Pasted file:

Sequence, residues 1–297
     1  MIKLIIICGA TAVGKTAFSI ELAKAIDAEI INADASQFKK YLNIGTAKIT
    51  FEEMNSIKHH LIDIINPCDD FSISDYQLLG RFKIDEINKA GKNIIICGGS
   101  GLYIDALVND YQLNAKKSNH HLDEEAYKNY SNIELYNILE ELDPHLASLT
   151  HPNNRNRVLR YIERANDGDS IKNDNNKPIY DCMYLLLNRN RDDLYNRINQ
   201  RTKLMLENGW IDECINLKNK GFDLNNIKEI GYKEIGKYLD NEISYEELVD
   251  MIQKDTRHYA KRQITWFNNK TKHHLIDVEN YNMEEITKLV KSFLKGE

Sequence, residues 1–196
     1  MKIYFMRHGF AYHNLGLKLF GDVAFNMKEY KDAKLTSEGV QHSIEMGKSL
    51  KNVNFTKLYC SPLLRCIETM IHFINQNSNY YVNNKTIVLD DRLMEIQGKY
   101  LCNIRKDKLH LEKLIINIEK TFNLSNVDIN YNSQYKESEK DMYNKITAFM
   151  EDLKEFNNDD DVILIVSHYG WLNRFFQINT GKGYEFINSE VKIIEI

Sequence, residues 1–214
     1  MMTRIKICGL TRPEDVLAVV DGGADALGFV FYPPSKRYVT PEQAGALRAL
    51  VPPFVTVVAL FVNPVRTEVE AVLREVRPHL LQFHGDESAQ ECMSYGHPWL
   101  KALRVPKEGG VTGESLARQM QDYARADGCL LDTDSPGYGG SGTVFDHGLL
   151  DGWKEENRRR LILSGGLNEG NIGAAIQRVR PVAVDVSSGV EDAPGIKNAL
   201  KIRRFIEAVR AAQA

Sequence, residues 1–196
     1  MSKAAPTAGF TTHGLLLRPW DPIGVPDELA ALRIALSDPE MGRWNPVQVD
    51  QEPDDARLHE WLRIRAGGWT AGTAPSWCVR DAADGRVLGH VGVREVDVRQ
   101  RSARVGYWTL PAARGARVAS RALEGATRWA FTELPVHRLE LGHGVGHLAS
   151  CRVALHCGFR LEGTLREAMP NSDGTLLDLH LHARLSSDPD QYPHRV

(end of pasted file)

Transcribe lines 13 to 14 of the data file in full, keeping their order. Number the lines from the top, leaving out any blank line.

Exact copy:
Sequence, residues 1–214
     1  MMTRIKICGL TRPEDVLAVV DGGADALGFV FYPPSKRYVT PEQAGALRAL